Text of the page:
O’Neill, B.C., K. Riahi and I. Keppo. 2010. Mitigation implications of midcentury targets that preserve long-term climate policy options. PNAS Vol 107:3:1011-1016.

Study finds that mid-century conditions are crucial determinants of the likelihood of achieving longer term climate change outcomes.


A number of recent studies have found that cumulative CO2 emissions budgets are robust indicators of eventual global temperature increase and have provided estimates of emissions budgets compatible with limiting global warming to different amounts. One implication of this result is that the timing of CO2 emission reductions is less critical than the total amount emitted, since different emission pathways are compatible with similar cumulative emissions totals. However, in this paper, O’Neill and colleagues use an integrated assessment model with detailed representation of the energy sector to examine to what extent emission paths for the first half of the 21st century might render some emissions paths in the second half of the century technically infeasible. They define ‘infeasibility’ as “not possible to achieve with technologies currently at least in early demonstration or commercialization phase” which excludes geoengineering technologies for example. There are two key features of their results. The first is that for each long-term stabilization goal (from <450 ppm to >1000 ppm CO2-eq) there is a range of mid-century emissions that minimize total costs over the century, with costs increasing for emissions below and above this range (i.e. the cost curves for the century as a whole are U-shaped). This range is small for more stringent long-term targets. The result held true for both baseline development scenarios (variations on IPCC SRES B2 and A2r scenarios) and all long term targets. The authors suggest this finding could help inform climate policy. The second is that critical thresholds in 2050 do exist for each long-term goal, demarking mid-century conditions beyond which achieving the 2100 target becomes infeasible. For example, the study shows that to preserve the technical feasibility of keeping global warming below 2° C above pre-industrial with a 50% likelihood, global emissions must be reduced by at least 20% below 2000 levels by 2050 under the B2 scenario, and by at least 50% with the A2r scenario.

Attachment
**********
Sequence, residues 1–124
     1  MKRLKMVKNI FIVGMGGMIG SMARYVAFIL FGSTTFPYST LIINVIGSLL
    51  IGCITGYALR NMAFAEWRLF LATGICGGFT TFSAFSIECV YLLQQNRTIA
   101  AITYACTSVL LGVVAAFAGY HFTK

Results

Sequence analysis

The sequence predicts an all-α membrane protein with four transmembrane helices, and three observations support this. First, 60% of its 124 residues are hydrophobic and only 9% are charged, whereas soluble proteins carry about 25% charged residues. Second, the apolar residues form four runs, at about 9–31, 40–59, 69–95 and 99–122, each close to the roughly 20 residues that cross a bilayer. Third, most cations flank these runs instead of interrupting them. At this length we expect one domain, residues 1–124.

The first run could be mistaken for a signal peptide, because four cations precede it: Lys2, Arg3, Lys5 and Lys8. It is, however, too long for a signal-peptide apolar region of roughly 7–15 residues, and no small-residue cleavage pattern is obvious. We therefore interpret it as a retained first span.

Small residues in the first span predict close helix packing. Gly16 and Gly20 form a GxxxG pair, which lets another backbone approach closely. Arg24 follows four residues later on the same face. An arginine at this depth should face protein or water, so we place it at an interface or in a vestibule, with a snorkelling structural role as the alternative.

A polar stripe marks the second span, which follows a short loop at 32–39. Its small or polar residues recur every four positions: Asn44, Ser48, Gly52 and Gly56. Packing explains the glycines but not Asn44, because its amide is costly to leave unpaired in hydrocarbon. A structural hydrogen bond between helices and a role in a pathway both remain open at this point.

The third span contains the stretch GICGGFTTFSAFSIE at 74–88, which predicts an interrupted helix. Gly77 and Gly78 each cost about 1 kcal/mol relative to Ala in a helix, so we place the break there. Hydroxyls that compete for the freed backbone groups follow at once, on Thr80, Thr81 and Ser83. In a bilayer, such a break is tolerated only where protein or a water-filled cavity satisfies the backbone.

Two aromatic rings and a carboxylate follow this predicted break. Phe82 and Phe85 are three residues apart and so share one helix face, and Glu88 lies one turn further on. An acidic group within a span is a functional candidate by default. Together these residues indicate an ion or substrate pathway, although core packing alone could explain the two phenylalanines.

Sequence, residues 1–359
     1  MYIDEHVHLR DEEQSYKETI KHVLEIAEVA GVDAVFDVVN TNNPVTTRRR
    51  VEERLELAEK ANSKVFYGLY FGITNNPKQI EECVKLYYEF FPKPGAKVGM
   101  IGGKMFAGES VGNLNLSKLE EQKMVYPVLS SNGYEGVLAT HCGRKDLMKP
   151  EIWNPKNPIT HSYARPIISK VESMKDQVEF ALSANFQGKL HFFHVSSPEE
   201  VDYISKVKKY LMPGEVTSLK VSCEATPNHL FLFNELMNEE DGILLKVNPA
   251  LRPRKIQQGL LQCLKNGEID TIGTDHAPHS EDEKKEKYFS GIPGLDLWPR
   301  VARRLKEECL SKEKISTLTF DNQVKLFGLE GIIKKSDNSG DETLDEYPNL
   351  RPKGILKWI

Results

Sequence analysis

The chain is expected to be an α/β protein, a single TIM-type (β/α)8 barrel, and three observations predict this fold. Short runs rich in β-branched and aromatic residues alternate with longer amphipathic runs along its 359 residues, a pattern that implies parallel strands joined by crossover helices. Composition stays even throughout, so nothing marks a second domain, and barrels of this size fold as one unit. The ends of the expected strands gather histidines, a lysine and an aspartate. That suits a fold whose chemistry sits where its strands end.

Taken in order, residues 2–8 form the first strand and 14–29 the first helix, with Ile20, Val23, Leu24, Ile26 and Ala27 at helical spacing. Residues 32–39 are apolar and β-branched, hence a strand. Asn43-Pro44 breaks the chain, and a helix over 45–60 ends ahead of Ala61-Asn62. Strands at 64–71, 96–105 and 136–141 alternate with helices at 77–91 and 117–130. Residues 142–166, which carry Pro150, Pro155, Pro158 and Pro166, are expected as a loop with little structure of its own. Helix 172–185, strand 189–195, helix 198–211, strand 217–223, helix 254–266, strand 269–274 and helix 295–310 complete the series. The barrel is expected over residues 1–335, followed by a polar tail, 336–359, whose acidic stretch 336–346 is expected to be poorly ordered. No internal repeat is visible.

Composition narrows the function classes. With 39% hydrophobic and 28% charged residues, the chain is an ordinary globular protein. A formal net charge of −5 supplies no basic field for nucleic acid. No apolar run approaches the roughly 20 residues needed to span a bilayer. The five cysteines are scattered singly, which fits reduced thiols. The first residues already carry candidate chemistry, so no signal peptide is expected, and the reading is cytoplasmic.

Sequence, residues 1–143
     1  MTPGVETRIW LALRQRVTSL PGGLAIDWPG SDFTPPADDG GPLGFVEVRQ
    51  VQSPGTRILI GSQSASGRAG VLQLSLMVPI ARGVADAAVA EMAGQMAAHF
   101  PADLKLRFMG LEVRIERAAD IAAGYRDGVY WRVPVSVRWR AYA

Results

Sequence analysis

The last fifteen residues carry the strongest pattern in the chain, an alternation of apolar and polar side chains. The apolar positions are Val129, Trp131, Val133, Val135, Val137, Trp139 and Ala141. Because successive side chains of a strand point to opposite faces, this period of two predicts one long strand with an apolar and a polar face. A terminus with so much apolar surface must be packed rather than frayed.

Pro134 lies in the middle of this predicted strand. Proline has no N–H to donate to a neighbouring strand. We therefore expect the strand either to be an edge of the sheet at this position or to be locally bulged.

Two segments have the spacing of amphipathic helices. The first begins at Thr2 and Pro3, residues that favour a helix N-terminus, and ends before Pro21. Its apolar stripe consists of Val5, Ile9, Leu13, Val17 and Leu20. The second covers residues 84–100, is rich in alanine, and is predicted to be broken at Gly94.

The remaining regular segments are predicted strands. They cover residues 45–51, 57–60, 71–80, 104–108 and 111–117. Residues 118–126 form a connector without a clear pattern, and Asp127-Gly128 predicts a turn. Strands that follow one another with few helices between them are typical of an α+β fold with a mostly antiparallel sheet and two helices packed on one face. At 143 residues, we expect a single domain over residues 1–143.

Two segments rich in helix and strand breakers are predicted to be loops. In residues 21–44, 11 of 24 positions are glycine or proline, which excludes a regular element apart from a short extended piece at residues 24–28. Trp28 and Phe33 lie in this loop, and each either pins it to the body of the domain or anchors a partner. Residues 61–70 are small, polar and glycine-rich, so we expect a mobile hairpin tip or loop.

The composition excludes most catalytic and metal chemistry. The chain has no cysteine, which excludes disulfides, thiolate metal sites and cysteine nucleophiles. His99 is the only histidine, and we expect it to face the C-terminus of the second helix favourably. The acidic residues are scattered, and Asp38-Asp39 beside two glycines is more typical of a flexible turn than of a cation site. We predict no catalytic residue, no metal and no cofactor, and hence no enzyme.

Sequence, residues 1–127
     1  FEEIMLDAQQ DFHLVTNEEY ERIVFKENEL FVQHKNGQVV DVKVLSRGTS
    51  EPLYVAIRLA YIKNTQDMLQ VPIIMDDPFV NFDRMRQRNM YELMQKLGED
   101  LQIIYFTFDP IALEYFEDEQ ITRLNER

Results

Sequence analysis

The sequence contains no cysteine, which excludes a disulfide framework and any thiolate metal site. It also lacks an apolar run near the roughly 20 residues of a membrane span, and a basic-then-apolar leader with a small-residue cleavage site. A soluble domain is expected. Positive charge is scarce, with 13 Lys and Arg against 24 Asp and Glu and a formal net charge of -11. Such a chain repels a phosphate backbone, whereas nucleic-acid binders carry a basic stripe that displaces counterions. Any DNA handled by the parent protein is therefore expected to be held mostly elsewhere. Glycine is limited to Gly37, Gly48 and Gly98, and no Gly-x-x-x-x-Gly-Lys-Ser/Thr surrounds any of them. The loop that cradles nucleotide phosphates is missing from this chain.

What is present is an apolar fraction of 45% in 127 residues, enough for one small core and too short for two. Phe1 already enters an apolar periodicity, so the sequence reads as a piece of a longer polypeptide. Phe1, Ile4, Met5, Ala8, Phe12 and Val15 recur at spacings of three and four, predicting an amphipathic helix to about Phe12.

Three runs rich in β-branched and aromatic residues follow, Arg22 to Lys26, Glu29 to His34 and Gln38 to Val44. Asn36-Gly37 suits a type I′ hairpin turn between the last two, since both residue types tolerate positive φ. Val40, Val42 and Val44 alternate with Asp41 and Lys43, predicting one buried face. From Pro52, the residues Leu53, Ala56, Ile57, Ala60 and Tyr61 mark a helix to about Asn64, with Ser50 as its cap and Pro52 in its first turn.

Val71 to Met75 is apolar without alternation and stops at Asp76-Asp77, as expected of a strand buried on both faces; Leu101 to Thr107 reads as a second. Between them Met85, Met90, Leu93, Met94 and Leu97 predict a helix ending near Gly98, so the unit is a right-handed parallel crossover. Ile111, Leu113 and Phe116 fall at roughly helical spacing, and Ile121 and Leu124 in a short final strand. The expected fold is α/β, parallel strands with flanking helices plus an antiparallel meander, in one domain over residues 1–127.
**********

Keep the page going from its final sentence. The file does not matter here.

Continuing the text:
Patt, A.G., P. D.P. van Vuuren, F. Berkhout, A. Aaheim, A.F. Hof, M. Isaac, R. Mechler. 2010. Adaptation in integrated assessment modeling: where do we stand? Climatic Change Vol 99, pp 383-402. doi: 10.1007/s10584-009-9687-y.

Recent paper suggests that integrated assessment models are too optimistic about the net benefits adaptation can provide leading to potential underestimates of the amount of mitigation required to reach socially optimal targets.

Integrated Assessment Models (IAM) are tools for evaluating the costs and benefits of climate change policies over time.  IAMs incorporate the cause and effect chain of climate change (from emissions to impacts) and are increasingly including assessments of the costs, benefits and uncertainties of adaptation policies. Adaptation policies are essentially those designed to reduce climate change damage costs through adjustments to ecological, social or economic systems to either moderate damages or benefit from opportunities.  A recent paper by Patt et al examines how modelers have included adaptation within existing IAMs and how well these approaches represent the true costs and benefits of adaptation.  The authors suggest that the approaches tend to underestimate the difficulty of implementing adaptation measures and therefore overestimate the amount of adaptation that is likely to occur and the associated net benefits.  The authors discuss ways of improving the representation of the costs and benefits of adaptation in IAMs which focus on improving the representation of its bottom-up characteristics.